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Wound vs. Ulcer: Selecting the Correct Diagnosis Code

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It has come to this author’s attention that there are many coding questions regarding wound versus ulcer diagnosis coding. Hopefully, this article will eliminate the confusion between wounds and ulcers. 

From the coding perspective, there are 2 major categories of wounds: acute (wound) and chronic (ulcer). Acute wounds are classified by many coding terms, e.g.:

  • Superficial injuries include the terms contusions, abrasions, blisters, external constriction, superficial injuries with foreign bodies, insect bites (non-venomous and venomous), and other superficial bites.  
  • Open wounds include lacerations with and without foreign bodies, puncture wounds with and without foreign bodies, trauma wounds, and open bites.  
  • Skin trauma codes include crush injuries, partial and total traumatic amputations, burns and corrosions, open fractures, and frostbite.
  • Surgical wounds. 
  • Wounds caused by other acute diseases such as acute and subacute osteomyelitis.  
  • Surgical complications of grafts and surgical wounds.

See Table 1 for an example (using the foot as the site of the injury) of how the superficial injury codes and open wound codes appear in the ICD-10-CM index. Reminder: Any code that appears in Chapter 17 of ICD-10-CM: Injury, poisoning and certain other consequences of external causes, requires a 7th character of (A) initial encounter (which means active treatment being rendered to the wound), (D) subsequent encounter for the same wound, or (S) sequela of the wound. 

Chronic wounds are classified by different coding terms that are familiar to most readers, e.g.:

  • Pressure ulcers
  • Non-pressure ulcers
  • Varicose veins with ulcers
  • Atherosclerotic disease with ulcers
  • Diabetic ulcers
  • Chronic osteomyelitis

See Table 2 for examples of many of the chronic ulcer categories. Chronic ulcers usually have an underlying cause associated with the ulcer (diabetes, venous disease, etc.) Please note that these codes are not in Chapter 17 and do not require the addition of the 7th character as described for the acute wounds discussed above. 

Do You Need a Wound Code or an Ulcer Code?

Following are some tips to help you decide whether to select a wound code or an ulcer code. 

  1. The basic rule of thumb is to code each ulcer or wound separately. If multiple sites are treated at the same encounter, select the diagnosis code that identifies each wound or ulcer. If the wounds or ulcers are similar but their diagnosis codes are even different by one single character, each site’s diagnosis code should be reported. 
  2. From a coding guideline perspective, there is no timeline during which an acute wound turns into a chronic ulcer. Remember, a nonhealing surgical wound code is listed as a complication in the injury chapter of ICD-10-CM.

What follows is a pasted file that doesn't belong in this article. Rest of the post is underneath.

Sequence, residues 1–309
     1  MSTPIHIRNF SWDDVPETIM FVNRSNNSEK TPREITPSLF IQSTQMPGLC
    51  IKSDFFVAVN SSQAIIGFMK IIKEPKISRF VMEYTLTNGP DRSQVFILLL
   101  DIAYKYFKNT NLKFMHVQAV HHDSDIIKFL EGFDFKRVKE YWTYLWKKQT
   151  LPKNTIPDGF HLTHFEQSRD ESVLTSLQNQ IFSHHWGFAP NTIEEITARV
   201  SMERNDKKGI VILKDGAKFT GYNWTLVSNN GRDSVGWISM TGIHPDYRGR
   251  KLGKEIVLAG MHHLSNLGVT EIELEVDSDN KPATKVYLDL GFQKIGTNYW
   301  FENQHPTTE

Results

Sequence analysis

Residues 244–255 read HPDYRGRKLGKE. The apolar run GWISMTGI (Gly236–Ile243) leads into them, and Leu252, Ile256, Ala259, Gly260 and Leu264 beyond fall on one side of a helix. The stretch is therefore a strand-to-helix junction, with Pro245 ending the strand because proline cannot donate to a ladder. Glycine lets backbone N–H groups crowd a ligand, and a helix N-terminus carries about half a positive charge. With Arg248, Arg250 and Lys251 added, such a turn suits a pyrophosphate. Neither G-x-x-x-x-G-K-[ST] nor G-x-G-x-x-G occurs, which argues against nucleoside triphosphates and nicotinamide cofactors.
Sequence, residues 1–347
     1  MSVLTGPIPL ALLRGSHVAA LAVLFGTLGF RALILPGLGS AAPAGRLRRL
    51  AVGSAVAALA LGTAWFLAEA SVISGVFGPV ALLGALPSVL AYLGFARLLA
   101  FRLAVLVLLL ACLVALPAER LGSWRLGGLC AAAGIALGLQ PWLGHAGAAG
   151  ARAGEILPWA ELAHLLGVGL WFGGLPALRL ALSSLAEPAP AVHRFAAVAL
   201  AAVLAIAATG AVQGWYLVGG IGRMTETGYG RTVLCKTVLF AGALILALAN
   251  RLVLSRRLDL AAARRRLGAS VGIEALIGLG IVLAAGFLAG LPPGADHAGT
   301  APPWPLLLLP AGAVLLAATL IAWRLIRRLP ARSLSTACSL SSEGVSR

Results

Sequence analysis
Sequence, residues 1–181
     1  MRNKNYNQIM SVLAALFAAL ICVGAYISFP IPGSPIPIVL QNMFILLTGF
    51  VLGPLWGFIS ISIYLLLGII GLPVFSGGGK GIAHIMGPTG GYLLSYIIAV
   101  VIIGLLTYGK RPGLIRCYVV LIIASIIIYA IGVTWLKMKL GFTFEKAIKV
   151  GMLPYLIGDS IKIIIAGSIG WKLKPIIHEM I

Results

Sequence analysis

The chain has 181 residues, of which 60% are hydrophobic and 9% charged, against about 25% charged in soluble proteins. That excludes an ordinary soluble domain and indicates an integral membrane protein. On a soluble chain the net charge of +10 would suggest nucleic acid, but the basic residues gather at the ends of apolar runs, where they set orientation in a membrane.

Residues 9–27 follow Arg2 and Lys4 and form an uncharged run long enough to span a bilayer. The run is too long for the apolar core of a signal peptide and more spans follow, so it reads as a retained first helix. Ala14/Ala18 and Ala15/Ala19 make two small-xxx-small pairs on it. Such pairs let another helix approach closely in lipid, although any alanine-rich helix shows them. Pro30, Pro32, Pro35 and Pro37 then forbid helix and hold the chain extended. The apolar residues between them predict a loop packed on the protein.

3. The progress of all acute injury and wound codes in Chapter 17 can be delineated by using the 7th character (A, D, S). 
  4. Always match the treatment rendered to the appropriate wound or ulcer site code. Multiple wounds or ulcers may often receive different treatments on the same date of service. Linking the right diagnosis code to the treatment makes it easy for the payer to understand 1) the longitudinal treatment of a single wound or ulcer, and 2) which treatments were provided to multiple wounds or ulcers.
  5. If infection is present, use additional codes to describe an infection agent. If the infection is due to surgery, use post-op complication codes. If the infection is not due to surgery, add the additional organism code(s). 
  6. From a coding perspective, the underlying cause of a chronic ulcer is listed first and the type of ulcer (e.g., pressure ulcer or non-pressure ulcer) is listed second. Caution: Payers’ coverage guidelines often require the chronic ulcer to be listed first.   
  7. If a complication is related to a previous open or traumatic wound that has since closed, use the site of the wound with sequela (S) to indicate a relationship to a previous wound or injury.
  8. The first listed code for an outpatient clinic/office visit may not always be the wound or ulcer itself. It could be a complication, an infection, and/or a new wound or ulcer of a different site. Ask yourself, “What diagnosis required most of the treatment during the clinic/office visit?”

In Conclusion

I hope that this article has clarified some of the confusion on wounds versus ulcers and provided you with some specific examples to think about. While this article is not all-inclusive, it should be indicative of how, from a coding perspective, acute wounds and chronic ulcers are delineated. Physicians and other qualified healthcare professionals should know whether to diagnose the problem as a wound or an ulcer. 

Donna Cartwright is senior director of health policy and reimbursement at Integra LifeSciences Corp., Plainsboro, NJ. She is approved as a certified trainer on ICD-10-CM by the American Health Information Management Association and she has been designated as a fellow of the American Health Information Management Association. 

Donna Cartwright, MPA, RHIA, CCS RAC, FAHIMA
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